Designed by architect John Hardwick-Smith and sculptor Paul Dibble, the memorial consists of 16 cross-shaped vertical bronze 'standards' set out in formation on a grassy slope on the Hyde Park Corner traffic island. Each standard is adorned with text, patterns and small sculptures. The budget for the design and construction of the memorial was NZ$3 million.
The memorial was established to commemorate "the enduring bond between New Zealand and the United Kingdom", and the lives lost by the two countries during the two World Wars. Dibble said:
We set the memorial in a position where the main pedestrian route runs through the memorial so that visitors will walk amongst the sculptures, encouraging people to stop and explore. Through the words and images, any New Zealander visiting the memorial will recognise home, and British people may learn something of the relationship between our two countries.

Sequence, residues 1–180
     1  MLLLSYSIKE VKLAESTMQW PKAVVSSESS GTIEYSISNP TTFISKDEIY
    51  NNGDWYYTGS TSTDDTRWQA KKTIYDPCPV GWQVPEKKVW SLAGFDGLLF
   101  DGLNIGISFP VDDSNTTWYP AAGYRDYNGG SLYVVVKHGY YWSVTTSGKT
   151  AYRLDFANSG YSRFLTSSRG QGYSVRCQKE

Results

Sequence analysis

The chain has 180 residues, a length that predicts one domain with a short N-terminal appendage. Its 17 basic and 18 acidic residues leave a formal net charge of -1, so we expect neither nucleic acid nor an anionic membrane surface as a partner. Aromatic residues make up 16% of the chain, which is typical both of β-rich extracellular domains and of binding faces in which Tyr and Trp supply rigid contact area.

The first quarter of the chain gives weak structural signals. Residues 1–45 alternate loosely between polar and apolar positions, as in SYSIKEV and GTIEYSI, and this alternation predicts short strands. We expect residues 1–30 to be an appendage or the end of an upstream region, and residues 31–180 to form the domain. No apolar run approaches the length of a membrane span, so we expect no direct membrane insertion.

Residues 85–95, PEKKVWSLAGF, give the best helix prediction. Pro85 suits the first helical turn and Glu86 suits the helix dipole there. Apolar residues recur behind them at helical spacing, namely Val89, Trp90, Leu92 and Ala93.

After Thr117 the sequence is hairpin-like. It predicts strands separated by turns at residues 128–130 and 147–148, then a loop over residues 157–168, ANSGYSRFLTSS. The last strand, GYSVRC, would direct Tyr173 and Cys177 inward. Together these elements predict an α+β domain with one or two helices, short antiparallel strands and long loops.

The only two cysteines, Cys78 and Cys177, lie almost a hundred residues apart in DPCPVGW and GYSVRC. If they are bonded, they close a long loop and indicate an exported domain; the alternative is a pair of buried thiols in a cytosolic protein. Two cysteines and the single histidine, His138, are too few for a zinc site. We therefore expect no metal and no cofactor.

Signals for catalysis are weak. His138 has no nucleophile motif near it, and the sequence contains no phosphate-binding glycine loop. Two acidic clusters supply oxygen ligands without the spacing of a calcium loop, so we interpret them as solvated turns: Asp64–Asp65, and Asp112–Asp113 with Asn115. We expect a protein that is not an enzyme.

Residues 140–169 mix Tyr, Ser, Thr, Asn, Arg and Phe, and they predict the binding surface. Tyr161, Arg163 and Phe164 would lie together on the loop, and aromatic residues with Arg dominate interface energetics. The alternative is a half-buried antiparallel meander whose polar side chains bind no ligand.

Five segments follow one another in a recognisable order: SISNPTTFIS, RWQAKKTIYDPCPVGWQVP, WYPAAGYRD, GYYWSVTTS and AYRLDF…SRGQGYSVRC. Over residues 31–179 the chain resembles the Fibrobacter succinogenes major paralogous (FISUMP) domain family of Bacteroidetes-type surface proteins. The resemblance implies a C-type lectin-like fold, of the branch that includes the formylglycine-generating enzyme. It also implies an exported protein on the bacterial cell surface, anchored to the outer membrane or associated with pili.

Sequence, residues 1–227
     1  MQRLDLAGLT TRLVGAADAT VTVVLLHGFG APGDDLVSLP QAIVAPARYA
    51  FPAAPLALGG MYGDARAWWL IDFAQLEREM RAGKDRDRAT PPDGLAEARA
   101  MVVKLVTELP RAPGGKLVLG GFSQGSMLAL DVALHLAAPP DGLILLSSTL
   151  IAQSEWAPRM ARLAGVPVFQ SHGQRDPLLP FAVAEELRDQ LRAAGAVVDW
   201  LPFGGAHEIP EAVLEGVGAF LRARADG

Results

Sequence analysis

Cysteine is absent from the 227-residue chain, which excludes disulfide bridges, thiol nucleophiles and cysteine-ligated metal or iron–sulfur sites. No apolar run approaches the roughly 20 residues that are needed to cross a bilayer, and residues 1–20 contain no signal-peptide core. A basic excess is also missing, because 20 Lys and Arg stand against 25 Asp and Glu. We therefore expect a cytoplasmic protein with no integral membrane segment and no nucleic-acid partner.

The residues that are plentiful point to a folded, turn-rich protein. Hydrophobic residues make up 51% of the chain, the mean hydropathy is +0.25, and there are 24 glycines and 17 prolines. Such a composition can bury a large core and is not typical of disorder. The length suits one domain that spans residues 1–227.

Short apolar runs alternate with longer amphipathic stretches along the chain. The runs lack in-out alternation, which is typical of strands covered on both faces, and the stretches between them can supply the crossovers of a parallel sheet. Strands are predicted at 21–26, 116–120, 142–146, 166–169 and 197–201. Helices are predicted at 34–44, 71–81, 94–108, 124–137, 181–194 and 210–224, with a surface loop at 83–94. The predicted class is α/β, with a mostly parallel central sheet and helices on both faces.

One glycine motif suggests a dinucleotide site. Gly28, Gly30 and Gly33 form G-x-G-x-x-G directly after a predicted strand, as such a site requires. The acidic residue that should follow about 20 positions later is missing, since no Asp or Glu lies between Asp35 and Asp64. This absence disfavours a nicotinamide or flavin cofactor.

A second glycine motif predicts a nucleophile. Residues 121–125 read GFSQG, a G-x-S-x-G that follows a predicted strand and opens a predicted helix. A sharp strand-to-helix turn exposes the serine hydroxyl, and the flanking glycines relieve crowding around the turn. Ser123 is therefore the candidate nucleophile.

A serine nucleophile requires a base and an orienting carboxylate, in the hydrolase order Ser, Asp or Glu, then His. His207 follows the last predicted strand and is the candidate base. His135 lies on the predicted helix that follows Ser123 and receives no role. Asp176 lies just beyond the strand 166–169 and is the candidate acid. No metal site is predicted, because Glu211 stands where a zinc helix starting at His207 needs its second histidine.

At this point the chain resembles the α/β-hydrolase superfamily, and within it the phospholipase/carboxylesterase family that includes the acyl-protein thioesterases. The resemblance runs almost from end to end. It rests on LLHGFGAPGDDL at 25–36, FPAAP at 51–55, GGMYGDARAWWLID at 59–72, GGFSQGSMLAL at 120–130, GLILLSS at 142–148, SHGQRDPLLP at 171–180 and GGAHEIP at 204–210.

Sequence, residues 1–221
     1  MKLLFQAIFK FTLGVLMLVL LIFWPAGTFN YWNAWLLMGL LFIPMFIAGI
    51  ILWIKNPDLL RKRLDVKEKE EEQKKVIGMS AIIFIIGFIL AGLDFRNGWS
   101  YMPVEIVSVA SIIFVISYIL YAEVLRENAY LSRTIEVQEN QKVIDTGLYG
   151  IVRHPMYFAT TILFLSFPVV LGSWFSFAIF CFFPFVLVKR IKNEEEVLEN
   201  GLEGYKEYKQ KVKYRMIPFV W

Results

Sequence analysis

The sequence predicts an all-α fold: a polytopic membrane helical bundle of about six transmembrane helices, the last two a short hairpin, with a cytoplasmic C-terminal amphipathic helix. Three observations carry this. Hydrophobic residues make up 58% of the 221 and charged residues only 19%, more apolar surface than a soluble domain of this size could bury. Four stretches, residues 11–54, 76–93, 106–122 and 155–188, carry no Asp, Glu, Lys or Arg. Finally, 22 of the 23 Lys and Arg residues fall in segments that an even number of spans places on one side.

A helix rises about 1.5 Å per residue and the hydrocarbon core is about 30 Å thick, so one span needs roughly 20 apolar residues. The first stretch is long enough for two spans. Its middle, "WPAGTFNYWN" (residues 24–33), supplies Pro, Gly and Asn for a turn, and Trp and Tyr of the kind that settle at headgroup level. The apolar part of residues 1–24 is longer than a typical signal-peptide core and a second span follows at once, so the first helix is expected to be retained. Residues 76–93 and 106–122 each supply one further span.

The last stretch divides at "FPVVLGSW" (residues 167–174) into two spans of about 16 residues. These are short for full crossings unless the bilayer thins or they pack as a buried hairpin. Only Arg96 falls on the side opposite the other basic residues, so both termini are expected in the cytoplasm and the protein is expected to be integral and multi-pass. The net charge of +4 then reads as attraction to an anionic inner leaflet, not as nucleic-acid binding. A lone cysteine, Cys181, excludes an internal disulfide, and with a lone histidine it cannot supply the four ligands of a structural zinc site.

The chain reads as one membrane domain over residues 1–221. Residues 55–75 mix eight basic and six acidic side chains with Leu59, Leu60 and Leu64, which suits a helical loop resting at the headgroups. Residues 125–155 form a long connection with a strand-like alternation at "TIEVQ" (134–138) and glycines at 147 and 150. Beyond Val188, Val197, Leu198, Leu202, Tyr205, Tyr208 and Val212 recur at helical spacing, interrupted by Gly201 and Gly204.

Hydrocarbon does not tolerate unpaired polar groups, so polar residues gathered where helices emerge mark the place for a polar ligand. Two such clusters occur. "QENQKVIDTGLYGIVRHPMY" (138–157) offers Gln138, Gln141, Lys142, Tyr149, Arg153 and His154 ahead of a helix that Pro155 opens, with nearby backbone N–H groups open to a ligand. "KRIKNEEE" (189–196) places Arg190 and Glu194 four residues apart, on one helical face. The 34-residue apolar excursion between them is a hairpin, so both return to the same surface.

Richard Shone, editor of The Burlington Magazine, criticised the memorial and its design in an attack on the "infestation of public space", describing it as "bristlingly unlovely".
In October 2004, 12 design teams were selected from the 68 who submitted expressions of interest in the New Zealand War Memorial. These teams submitted designs for the prospective monument and an expert panel, appointed by the Ministry for Culture and Heritage, selected the final design. The design was then refined and submitted to Westminster City Council in London for planning approval. The design was a collaboration between Dibble Art Co and Athfield Architects, led by Dibble and Hardwick-Smith respectively, with Jon Rennie as the team's London representative.